My husband got a raise at work, thankfully. We paid off more debt to be more financially stable for a third child. We sold a lot of things in our house, downsized and decluttered, knowing what a third baby would bring into the already tight quarters of our small house. We talked about getting a bigger car that we could afford. We considered the baby stuff we already had saved and anything we thought we'd need to purchase, and how that would fit into our plans. We talked about how this may affect our two big kids. We talked and planned and dreamed. And then made it happen.
Fast forward seven months into pregnancy and my doctor was asking about a long term plan: birth control? tying tubes? Were we done, would we have a fourth? When I was younger, even before having children of my own, I wanted four. My husband wanted four. We both come from families of four siblings. Then we had one child and instantly said, "uh, no we're good with three!" Then we had two kids and thought, "well, maybe just 2 and a half kids..." on the fence, not sure what we could handle as parents.
When pregnant with our third, the pregnancy was so challenging. Much more tiring, difficult, and more ailments than the first two. It hit me early on, I was done. I was grateful for what we had. We were really complete. It wasn't just a financial decision or a logistical decision based on our small house, though those mental things came first for sure. It was something I actually felt inside, I believed, I was content with: we were done. Our family was complete with three kids.
I never imagined I'd be that woman. The one who actually knows when she's done. They told me, "you'll just know." And I thought to myself, "Not me, I'll be the person who will always want more kids even though we make a mental decision to be realistic and stop at 2 or 3." I didn't know if I'd ever lose that longing feeling to hold a baby in my arms after carrying them in my belly for nine months. I really wasn't sure I'd ever feel that.
But I did and I do. I know for sure that we're complete. It's bittersweet some days. There are moments now where I'm putting away newborn and 0-3 clothing or the infant bouncy seat he is way too long for, where I reminisce about all three babies who wore those clothes or sat in a seat like that and it's sad. But it's not the type of sad that makes you want to do it all over again. It's the "we're content and blessed" type of sad and "we can move on to other fun stages now with our awesome family."
I'll admit that when it was time to sign the paperwork to tie my tubes at the doctor's office, I cried on the way home. It was just so final. That chapter of my life, the one where it was possible to get pregnant and possible to carry life (still the most amazing thing I think I've ever done or will ever do again) was over. Forever. It was my decision, I was ready to make the decision, and yet it was so sad to do so. I held my growing belly tighter that night and tried so hard to memorize each and every jab and kick from the inside, knowing I'd miss that most of all when it was no longer a possibility.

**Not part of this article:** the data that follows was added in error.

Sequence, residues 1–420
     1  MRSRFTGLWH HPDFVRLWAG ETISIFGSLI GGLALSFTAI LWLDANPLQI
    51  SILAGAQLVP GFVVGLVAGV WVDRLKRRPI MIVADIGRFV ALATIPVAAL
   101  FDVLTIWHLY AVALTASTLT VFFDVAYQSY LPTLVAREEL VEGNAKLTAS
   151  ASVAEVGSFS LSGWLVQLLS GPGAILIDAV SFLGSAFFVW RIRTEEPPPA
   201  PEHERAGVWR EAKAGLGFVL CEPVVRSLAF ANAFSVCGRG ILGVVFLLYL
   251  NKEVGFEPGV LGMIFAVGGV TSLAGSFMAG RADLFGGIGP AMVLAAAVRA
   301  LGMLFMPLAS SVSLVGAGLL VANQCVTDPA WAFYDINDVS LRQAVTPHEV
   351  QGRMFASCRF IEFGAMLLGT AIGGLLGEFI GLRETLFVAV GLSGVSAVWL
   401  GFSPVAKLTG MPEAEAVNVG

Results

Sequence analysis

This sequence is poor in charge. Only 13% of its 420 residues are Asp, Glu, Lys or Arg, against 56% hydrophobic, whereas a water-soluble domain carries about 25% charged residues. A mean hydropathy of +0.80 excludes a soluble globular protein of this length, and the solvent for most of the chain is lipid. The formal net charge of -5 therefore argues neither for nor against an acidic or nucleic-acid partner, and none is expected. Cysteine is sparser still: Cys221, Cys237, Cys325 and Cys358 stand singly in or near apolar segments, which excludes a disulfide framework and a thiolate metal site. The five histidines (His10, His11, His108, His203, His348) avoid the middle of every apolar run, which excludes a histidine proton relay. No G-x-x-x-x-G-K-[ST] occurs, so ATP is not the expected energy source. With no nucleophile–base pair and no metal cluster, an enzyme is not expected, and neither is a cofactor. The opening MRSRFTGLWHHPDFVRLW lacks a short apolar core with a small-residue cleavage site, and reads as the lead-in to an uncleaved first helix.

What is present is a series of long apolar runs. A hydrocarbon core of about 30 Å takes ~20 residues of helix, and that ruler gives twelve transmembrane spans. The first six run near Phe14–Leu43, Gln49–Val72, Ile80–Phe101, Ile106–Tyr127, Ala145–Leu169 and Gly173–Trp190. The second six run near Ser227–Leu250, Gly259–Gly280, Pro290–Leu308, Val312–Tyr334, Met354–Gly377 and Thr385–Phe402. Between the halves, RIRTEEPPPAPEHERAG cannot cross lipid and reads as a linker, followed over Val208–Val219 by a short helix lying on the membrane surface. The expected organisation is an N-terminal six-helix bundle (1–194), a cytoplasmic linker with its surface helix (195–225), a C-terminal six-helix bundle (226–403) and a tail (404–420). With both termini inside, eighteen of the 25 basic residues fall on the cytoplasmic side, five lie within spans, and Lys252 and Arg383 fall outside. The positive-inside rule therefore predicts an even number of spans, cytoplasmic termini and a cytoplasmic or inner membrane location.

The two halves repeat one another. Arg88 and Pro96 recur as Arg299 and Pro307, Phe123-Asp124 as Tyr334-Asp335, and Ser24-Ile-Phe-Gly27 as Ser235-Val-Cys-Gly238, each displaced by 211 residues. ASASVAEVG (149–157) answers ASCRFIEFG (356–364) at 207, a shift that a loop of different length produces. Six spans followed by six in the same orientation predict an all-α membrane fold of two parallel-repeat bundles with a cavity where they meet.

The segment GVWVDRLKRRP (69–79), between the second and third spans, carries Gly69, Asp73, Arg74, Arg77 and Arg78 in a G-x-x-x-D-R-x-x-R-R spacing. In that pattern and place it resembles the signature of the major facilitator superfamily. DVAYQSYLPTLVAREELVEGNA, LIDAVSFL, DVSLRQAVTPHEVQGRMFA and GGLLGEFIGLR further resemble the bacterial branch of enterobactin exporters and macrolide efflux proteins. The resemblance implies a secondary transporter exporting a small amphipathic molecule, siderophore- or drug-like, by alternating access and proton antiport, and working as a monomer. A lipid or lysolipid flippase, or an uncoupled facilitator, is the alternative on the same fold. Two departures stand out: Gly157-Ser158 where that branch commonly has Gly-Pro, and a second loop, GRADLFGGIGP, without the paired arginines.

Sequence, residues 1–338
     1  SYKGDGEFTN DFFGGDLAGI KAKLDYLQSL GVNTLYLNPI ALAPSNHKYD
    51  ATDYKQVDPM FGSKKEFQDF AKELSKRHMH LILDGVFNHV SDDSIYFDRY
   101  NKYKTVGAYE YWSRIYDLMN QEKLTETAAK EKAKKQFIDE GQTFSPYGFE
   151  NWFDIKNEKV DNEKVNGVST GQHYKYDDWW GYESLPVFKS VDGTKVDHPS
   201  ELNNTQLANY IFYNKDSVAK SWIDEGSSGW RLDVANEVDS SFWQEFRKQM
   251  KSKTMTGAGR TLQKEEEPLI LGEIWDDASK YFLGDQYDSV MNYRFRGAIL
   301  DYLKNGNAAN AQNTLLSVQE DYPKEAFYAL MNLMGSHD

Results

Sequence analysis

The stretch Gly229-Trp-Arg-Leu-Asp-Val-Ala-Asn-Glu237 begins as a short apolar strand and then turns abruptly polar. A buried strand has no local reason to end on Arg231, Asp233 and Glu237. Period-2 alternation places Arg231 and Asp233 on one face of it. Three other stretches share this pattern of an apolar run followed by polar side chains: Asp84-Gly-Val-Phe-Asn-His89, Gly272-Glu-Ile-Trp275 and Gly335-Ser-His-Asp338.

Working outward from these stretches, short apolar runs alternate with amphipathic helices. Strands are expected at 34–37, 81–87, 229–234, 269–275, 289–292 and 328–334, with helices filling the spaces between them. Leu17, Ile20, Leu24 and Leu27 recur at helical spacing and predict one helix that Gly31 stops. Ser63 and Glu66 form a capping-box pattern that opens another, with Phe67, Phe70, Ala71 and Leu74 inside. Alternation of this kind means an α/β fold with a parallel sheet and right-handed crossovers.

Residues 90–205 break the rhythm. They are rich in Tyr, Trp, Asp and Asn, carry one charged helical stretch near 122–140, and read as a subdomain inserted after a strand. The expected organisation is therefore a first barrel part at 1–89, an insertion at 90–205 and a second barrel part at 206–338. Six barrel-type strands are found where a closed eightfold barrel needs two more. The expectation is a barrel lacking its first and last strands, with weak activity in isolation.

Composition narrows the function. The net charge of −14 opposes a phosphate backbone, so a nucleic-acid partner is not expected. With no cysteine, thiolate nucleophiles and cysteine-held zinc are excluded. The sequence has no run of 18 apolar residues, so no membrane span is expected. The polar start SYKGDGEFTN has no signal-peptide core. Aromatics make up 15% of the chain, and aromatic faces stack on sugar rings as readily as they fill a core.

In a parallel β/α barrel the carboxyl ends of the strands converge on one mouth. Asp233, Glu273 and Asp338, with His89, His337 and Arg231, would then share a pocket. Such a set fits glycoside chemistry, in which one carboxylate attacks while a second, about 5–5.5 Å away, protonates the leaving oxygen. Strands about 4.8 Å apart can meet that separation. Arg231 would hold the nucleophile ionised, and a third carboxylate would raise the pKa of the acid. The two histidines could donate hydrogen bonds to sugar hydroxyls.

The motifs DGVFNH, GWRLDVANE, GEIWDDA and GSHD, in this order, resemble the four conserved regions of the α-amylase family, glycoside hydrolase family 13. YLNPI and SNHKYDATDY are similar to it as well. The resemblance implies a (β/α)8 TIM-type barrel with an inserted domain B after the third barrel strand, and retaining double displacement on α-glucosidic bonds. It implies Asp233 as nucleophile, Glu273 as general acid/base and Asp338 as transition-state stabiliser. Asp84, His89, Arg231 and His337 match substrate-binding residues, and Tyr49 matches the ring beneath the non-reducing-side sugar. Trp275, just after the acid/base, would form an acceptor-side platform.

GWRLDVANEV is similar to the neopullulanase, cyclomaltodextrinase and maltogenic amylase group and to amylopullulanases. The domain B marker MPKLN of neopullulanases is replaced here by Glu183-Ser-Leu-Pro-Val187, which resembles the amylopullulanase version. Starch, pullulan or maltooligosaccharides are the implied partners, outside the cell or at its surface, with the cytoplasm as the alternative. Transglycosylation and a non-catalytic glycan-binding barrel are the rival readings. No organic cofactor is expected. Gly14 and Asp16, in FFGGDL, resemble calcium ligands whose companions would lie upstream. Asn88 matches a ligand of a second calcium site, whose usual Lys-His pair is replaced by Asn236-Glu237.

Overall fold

I text my husband saying how sad it was, that it was hitting me. He wrote back something so sweet that I'll never forget. He said that yes, it's sad, that part of our life is over, but how amazing it is that now our family is complete and we get to watch them grow and move forward toward all the fun things in store for us and our beautiful children. We get to start really living our life now knowing we're ALL here together now. I love that... it's so simple, but true.
So to you, if you are wondering if you should have another baby or not... don't just think about finances and don't just imagine what daycare is going to cost or where on earth you'd fit more baby stuff in the house. Those ARE important, I'm not going to deny that. You should consider those things. But they aren't everything. Don't just imagine timing... there's no perfect timing. I had this last baby at the worst possible timing for my job, and it's all working out in the end. It is what it is. You cannot control all of it.
To those of you who aren't able to make the decision for yourself, because of health issues within your body or health issues within your children, or some other major life experience that means adding another one is too much to bear... my heart breaks for you. It's hard enough to actually make this decision on my own free will, I can't imagine the decision being made for me. Make sure you process this, grieve the loss of the choice to have another child, and talk through it with someone you trust.
To others, if you can live with picturing NOT having another one for a few weeks, then perhaps you're ready to close that chapter of this long motherhood book you've been writing the last few years. If you are devastated by the thought, actually feeling depressed and with this deep longing inside that you just are not ready to be done, your family is not complete without one more child in it someday... then perhaps you are ready to add another one to your family.
It's not an easy decision either way. Be sure you put time into processing it both on your own and as a family or couple.
I'll leave you with this, something I tell many moms, something many moms told me and wrote about in blogs and books and discussion groups before I got pregnant for the last time: you'll never ever regret having another child when you lay eyes on that sweet little blessing that you created.